Hillary Clinton’s paid speeches to Goldman Sachs Group have drawn criticism on the campaign trail, but they’re not the only talks she’s given to big banks.
Bank of America has also paid the Democratic presidential candidate and her husband more than $1 million combined to deliver talks to the Charlotte-based bank and its Merrill Lynch unit.
The Clintons collected the combined figure from Bank of America over four appearances from 2011 to 2014, according to financial disclosures posted by the nonpartisan Center for Responsive Politics. Former President Bill Clinton was the speaker on three of those occasions, once taking in $500,000 for a 2014 gathering in London.
The large fees raise concerns about potential conflicts of interest and are likely to remain a hot topic on the campaign trail, said Eric Heberlig, a political science professor at UNC Charlotte.
“Taking fees like this, particularly from banks that have been bailed out by the taxpayers, it’s certainly hard to argue to the public that you’re not acting in a self-serving way,” Heberlig said.
Clinton’s campaign did not respond to a request for comment, but the former secretary of state has said she favors tough regulation of Wall Street.
All of the Bank of America talks were given at private events the bank occasionally holds for clients or the company’s senior executives, the bank told the Observer. Bank of America said it’s not unusual for it to pay former elected or appointed officials from the U.S. and elsewhere to speak on key national and global issues at such gatherings.
Former U.S. Secretary of State Condoleeza Rice, former U.S. Defense Secretary Robert Gates and former British Prime Minister Tony Blair have been among speakers at similar Bank of America events.
“We operate across the United States and around the world, because that’s where our customer and clients operate,” Bank of America spokesman Larry Di Rita said. “It helps us serve them better to gain the insights and judgments of people who have been on the world stage.”
Bank of America declined to disclose specifics on the exact nature of the Clintons’ appearances, for which the bank paid about $1.1 million.
In the 2016 presidential race, Clinton’s speeches to Goldman Sachs have spurred repeated attacks from fellow Democratic contender Bernie Sanders. Sanders, who calls for big banks to be busted up, has pointed to Clinton’s hundreds of thousands of dollars in speaking fees from Goldman as underscoring her ties to Wall Street.
During a debate in Miami this week, Sanders noted Clinton’s payment of $225,000 per Goldman talk, quipping: “That speech must have been an extraordinarily wonderful speech.”
Clinton has not released the transcripts of her speeches, saying she would only do so if all candidates from both parties did the same. For his part, Sanders has maintained that he hasn’t given such talks.
At the Miami debate, Clinton responded to Sanders’ criticism of her banking connections by reiterating that she will have “the toughest, most comprehensive plan to go after Wall Street.”
For their Goldman speeches, the Clintons have received more than $2 million combined. But the pair has also given talks to other banks, including Citigroup, Morgan Stanley and UBS.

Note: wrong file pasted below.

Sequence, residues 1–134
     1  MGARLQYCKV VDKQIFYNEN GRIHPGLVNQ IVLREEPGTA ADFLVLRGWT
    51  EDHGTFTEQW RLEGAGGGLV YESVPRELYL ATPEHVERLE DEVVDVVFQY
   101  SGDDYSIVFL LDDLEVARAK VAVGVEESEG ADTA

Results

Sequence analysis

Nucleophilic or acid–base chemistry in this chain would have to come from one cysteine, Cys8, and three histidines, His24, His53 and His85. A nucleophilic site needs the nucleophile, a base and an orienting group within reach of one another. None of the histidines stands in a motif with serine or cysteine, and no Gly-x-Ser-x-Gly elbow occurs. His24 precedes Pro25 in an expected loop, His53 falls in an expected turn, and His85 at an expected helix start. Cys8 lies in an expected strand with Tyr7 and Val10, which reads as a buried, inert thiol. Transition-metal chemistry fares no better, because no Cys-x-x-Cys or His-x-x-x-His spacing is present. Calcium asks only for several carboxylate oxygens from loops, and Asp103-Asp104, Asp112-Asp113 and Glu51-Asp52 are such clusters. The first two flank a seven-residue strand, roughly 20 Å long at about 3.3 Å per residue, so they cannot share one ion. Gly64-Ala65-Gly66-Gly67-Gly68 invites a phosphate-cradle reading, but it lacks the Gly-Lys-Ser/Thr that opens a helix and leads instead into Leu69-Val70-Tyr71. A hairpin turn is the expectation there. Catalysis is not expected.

Wells Fargo paid Bill Clinton $200,000 for an Oct. 13, 2011, appearance in New York. The San Francisco-based bank declined to comment on that sole Wells Fargo event included in the Clintons’ disclosures.
Of the four Bank of America speeches, two were listed as being for Merrill Lynch, which the bank bought in 2009, according to the Clintons’ disclosures. Separately, Bill Clinton also received $175,000 for a 2007 Merrill Lynch appearance in New York.
None of the Bank of America speeches were in Charlotte, although Hillary Clinton received $225,000 for a November 2013 event in the town of Bluffton, S.C., near Hilton Head Island.
Bank of America said there are various events for which it will invite big-name speakers. These include conferences that bring together companies and investors, as well as meetings of the bank’s executives.
While Clinton’s opponents argue her speaking fees pose a conflict of interest for the candidate, some say the payments could also hurt the reputation of the bank.
“Even if well-intentioned and serving a legitimate business purpose, corporate payments to politicians can appear unseemly,” said Richard Parsons, a former risk executive for Bank of America who retired from the company in September 2011 and now writes on risk-management issues.
A review of campaign contributions shows the bank’s executives have given to Clinton as well as Republicans in recent years.
Anne Finucane, the bank’s head of strategy and marketing, contributed $2,700 in August to Clinton’s committee, Hillary for America.
In June, senior executives Gary Lynch and Tom Montag contributed $2,700 each to Republican Jeb Bush’s committee, Jeb 2016. Montag also gave $100,000 last year to Right to Rise USA, a Super PAC supporting Bush.
Clinton has said that the Wall Street money has no influence on how she would regulate the industry.
Heberlig, the UNC professor, predicts Clinton will continue to be assailed for her speaking fees in the 2016 race, including possible GOP opponents, some of whom opposed bank bailouts.
“I think the Republicans will attack her on it,” Heberlig said. “They need line of attacks that are going to be effective with the public.”